Do you work from a home office?

25 Feb 2009 - 12:12am
5 years ago
18 replies
622 reads
DanP
2006

Hi All,

I wanted to get a pulse on how you feel about designers who work a
good amount of their time from a home office. I've noticed that most
companies prefer 9-5 onsite employees. The reasoning that most often
comes up is that it's "corporate culture" and better for communication.

However, I've never been able to get comfortable with being creative
in a cubicle... More, I've found that my ability to communicate is run
by email and phone most of the time whether I'm onsite or not. Perhaps
I'm idealistic, but I get so much work done by attending meetings on
site as needed, then retiring to complete my work. I can blast music,
pet my cat, make phone calls without needed to hush down for fear of
bothering others... it's just conducive to productivity. My gas
mileage is better to boot :)

I've read about how many organizations are progressive in dealing with
such things, but to be honest, it hasn't materialized outside of
consulting work.

What are your experiences? Is this still considered a "privilege" or
has the mindset changed?

Thanks for any input!
-Dan

Comments

25 Feb 2009 - 1:34am
Kevin T. Stein
2009

It's a privilege. You are being idealistic.

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Posted from the new ixda.org
http://www.ixda.org/discuss?post=39200

25 Feb 2009 - 4:33am
Adrian Howard
2005

On 25 Feb 2009, at 06:12, dnp607 wrote:

> Hi All,
>
> I wanted to get a pulse on how you feel about designers who work a
> good amount of their time from a home office. I've noticed that
> most companies prefer 9-5 onsite employees. The reasoning that most
> often comes up is that it's "corporate culture" and better for
> communication.
>
> However, I've never been able to get comfortable with being creative
> in a cubicle... More, I've found that my ability to communicate is
> run by email and phone most of the time whether I'm onsite or not.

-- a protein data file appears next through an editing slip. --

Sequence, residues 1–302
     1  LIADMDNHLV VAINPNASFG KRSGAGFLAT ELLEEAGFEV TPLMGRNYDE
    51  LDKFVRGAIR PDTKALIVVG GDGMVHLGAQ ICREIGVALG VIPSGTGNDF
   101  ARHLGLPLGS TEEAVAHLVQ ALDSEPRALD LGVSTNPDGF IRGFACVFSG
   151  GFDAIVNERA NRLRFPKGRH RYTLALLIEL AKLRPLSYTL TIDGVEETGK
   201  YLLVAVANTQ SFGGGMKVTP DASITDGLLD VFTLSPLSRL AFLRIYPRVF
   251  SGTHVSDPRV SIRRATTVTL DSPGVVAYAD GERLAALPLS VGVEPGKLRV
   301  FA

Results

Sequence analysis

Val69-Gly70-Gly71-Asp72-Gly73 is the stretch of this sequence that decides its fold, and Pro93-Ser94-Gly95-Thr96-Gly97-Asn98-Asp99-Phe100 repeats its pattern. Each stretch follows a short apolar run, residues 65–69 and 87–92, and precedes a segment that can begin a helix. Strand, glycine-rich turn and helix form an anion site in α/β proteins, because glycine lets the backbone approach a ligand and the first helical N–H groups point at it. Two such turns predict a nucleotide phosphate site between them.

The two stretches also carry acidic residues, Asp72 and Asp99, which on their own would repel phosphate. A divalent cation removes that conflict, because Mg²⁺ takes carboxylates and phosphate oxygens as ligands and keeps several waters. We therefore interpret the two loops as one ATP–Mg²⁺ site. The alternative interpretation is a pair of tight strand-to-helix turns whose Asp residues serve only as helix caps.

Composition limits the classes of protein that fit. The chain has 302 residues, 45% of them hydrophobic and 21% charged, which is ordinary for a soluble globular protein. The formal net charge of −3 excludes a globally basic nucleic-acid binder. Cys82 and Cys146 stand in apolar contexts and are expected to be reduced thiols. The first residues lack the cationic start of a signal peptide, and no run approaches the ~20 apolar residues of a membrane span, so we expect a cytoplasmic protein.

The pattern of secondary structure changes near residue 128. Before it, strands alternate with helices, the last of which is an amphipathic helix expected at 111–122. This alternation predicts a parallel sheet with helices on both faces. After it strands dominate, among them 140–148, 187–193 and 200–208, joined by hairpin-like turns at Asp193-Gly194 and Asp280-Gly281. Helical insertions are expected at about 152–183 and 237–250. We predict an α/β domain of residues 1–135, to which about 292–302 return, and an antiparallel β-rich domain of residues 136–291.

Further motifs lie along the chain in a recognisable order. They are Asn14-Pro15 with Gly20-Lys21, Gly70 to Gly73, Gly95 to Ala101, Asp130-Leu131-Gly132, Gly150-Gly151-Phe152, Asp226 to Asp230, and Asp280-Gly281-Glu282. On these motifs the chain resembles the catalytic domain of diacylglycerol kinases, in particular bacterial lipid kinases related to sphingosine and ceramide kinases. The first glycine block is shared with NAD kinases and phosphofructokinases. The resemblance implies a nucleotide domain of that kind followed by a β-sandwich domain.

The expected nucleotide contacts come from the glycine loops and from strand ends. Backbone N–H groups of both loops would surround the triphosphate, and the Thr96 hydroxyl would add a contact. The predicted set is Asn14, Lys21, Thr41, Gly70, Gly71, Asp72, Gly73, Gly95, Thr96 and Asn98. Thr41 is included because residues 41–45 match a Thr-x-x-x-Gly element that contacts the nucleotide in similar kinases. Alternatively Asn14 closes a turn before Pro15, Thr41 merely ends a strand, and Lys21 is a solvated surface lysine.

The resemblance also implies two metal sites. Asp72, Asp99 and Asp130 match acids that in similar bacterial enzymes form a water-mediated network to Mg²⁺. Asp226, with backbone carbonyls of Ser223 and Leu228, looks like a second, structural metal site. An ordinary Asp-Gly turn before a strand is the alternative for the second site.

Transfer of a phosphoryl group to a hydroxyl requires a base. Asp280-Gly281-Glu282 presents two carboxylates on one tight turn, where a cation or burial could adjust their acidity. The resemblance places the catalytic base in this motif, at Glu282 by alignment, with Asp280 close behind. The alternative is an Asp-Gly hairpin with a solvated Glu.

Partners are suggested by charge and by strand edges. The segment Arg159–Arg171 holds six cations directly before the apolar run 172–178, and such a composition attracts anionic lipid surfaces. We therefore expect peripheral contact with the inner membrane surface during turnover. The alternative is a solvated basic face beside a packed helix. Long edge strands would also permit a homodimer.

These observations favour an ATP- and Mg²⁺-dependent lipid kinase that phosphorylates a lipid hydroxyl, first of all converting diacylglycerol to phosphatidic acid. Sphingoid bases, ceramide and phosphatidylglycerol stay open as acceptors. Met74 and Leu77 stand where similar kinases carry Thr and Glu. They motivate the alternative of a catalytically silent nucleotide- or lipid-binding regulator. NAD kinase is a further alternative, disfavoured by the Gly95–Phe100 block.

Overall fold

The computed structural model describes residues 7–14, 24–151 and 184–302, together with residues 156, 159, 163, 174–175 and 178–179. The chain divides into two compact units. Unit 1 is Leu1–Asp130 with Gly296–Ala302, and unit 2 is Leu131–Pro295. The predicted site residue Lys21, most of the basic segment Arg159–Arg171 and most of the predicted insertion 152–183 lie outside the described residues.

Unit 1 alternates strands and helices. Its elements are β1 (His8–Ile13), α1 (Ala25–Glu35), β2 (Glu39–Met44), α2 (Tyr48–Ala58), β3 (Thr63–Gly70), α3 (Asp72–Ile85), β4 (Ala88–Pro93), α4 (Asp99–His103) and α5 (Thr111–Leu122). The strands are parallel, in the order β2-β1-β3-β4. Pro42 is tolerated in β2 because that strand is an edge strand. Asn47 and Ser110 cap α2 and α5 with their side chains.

> Perhaps I'm idealistic, but I get so much work done by attending
> meetings on site as needed, then retiring to complete my work. I can
> blast music, pet my cat, make phone calls without needed to hush
> down for fear of bothering others... it's just conducive to
> productivity. My gas mileage is better to boot :)

In my experience a home office is more effective than a _bad_ on-site
working environments. Like a cubicle. Cubicles are just bad for
_everybody_ - not just designers :-)

However, I've found home offices less effective that a _good_ on-site
working environments. Where you have product related team rooms for
example. The benefits you get by having folk to talk and bounce ideas
off - pull the continuous contact with all the people involved
outweigh the other factors.

Also remember the employer is not just interested in your
productivity... but in the productivity of the organisation as a
whole. Maybe having somebody on-site makes everybody over all more
effective.

Cheers,

Adrian
--
delicious.com/adrianh - twitter.com/adrianh - adrianh at quietstars.com

25 Feb 2009 - 5:06am
John Keane2
2008

I work from home, but commute into the office periodically (once or twice a week).

I don't notice any significant difference in my own productivity - there are good days and bad days at home, just like there are in the office - but the type of work I get done in the office and the interactions I have with my colleagues are different.

In my opinion, this is largely because I am unusual in my company in working from home - my colleagues are all based in the office, so their working techniques are reliant on that environment.

This means that they are more likely to show me things they're working on and discuss them with me if I'm physically there than they are to take screenshots to email to me when I'm not there - there's an out-of-sight-out-of-mind effect also: we see a great benefit from simply being in the same room.

So unless the organisation as a whole has frameworks in place for remote working, I think it's difficult to achieve successfully - for the whole organisation.

I don't necessarily see it as a privilege, but I suspect my colleagues do (there's certainly still a stigma attached to working from home). It certainly has its work/life balance advantages.

25 Feb 2009 - 10:54am
Jason Young
2008